You can have an opinion about New Jersey, but if you've never been there, wouldn't you think that someone there would have a more informed opinion?

Point being, your word is not law. You are one person. I'd like to hear from others. I'm not saying this publisher is bad or otherwise. But you don't seem to get that.
 

Crzywritergrl

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You know what would be really funny at this point would be that CharlesV ended up being Tony undercover to save his reputation. *LOL*

Sorry. The writer within sniffed out a plot line and hysterically started laughing up a storm.
 

brainstorm77

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The point is that you can't just make up things. There's as much evidence that Tony hurt someone here as there is evidence that Janet Evanovich hurt someone here.

Charlie

Who is making up things? Where is the proof that stuff is being made up? In fact how do we even know you are who you say you are, or even a writer with this press?
 

brainstorm77

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In logic, we call that the "straw man argument." It's a distortion of what I said. As is the "I am law" thing.

Nope. It's what you have implied. That we should just take your word. Why should we?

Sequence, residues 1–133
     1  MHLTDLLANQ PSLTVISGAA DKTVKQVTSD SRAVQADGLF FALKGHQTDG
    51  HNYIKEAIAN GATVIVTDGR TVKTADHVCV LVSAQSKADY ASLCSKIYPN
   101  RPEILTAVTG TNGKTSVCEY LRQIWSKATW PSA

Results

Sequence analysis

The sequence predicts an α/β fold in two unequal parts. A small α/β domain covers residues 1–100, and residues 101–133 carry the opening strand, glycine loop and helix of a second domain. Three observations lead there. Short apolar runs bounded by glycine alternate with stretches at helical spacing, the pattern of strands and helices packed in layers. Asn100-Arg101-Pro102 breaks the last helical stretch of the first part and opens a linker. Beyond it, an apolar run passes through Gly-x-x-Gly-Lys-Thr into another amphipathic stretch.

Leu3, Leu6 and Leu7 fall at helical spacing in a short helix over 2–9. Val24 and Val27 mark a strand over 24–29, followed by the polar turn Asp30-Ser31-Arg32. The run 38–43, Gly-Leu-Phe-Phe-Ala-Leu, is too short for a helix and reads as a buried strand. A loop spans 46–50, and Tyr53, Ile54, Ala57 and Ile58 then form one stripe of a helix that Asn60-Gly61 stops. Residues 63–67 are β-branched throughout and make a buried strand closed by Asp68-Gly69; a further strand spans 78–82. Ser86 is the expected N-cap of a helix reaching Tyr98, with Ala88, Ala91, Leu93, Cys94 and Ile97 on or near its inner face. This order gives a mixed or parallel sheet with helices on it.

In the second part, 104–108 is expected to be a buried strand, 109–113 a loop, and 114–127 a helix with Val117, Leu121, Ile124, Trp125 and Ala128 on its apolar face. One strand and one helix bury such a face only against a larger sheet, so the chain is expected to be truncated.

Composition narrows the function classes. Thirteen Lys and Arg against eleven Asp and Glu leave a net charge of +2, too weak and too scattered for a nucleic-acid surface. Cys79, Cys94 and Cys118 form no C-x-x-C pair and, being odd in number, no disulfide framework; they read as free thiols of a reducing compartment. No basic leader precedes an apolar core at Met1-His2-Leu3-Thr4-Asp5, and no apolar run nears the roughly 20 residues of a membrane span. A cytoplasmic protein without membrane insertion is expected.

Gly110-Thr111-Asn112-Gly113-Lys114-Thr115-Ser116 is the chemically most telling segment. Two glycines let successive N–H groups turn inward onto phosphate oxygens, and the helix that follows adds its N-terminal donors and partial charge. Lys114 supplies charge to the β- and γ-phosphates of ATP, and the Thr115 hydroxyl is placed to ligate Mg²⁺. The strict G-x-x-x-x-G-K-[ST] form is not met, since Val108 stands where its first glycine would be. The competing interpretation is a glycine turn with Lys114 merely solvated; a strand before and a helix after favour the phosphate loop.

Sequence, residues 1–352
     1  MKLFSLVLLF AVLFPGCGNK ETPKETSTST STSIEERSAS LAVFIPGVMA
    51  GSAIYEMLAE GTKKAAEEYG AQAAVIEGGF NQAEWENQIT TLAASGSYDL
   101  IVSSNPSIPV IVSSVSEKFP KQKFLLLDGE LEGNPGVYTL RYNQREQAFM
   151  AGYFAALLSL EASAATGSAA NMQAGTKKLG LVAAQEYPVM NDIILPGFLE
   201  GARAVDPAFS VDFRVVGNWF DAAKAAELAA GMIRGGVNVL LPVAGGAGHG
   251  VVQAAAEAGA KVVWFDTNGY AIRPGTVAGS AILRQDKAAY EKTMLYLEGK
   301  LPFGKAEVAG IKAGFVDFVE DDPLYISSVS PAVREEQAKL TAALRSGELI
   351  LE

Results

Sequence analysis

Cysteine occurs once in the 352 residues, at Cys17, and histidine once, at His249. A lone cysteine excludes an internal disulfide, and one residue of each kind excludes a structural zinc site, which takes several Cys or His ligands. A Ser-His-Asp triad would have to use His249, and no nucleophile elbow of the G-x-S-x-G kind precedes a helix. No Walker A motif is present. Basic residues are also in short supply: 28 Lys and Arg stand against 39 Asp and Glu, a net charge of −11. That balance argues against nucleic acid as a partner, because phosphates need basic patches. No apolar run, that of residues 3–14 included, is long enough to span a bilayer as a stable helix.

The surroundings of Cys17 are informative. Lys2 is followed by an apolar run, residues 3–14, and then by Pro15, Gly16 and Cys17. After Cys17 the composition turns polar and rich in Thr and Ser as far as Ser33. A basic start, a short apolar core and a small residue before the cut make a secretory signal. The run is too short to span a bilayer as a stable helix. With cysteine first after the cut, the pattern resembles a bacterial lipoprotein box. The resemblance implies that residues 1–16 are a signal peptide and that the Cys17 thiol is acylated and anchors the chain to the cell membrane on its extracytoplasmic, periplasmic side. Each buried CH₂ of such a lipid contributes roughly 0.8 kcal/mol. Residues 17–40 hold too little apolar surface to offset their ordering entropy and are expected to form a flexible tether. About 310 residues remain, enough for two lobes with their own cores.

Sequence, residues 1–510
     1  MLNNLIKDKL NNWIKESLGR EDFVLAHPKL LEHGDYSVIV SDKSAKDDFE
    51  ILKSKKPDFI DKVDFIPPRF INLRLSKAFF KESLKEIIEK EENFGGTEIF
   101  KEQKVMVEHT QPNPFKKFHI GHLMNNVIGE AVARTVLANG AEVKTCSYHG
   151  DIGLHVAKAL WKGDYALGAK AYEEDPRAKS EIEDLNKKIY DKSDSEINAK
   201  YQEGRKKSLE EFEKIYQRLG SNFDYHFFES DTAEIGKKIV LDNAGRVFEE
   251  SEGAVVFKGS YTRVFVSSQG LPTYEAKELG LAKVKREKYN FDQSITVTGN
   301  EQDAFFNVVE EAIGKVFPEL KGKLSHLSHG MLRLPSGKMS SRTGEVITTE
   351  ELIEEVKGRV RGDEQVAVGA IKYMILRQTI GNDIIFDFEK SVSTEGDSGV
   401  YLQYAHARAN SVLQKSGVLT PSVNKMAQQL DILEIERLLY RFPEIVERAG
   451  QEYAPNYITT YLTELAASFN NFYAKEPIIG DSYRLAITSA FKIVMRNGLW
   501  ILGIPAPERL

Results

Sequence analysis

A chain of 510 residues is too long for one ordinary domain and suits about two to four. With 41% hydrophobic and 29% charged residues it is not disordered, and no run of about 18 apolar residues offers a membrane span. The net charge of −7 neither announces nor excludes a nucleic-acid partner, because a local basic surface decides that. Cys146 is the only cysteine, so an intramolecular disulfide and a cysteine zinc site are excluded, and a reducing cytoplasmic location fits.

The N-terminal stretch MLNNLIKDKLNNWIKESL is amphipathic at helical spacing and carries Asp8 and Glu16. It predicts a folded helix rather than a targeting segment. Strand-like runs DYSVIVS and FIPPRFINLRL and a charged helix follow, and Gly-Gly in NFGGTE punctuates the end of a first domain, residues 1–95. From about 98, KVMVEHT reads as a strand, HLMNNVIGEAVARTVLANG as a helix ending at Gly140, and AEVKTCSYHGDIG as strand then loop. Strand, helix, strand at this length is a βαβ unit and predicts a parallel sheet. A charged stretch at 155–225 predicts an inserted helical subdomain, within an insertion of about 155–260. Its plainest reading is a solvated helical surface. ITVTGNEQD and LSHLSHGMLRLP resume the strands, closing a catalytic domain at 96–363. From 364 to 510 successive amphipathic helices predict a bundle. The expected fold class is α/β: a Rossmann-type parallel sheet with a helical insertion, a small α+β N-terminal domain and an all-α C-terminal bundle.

brainstorm77

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I'm a very open person. You want my Facebook link? PM me. I'll give you my home phone number if you want, you can call me up and we can talk nice. If you live in the New Jersey area, I can invite you over to dinner. Naturally, I'm taking a risk by doing so, but if that's what I need to do to prove the point, I'll do it.

What was made up is the idea that Tony hurt someone here.

Charlie

Mmmm no thanks. But you can easily post what antho you are in. The titles of your stories in there.
 

veinglory

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Charles, this isn't about whether a person is nice, it is about whether a publisher can provide authors with a platform (lots o' readers) and/or money. Everything else is just a sideshow. Do you know how many copies of the anthology sold? Did you make any money? That's really all I want to know.
 

DreamWeaver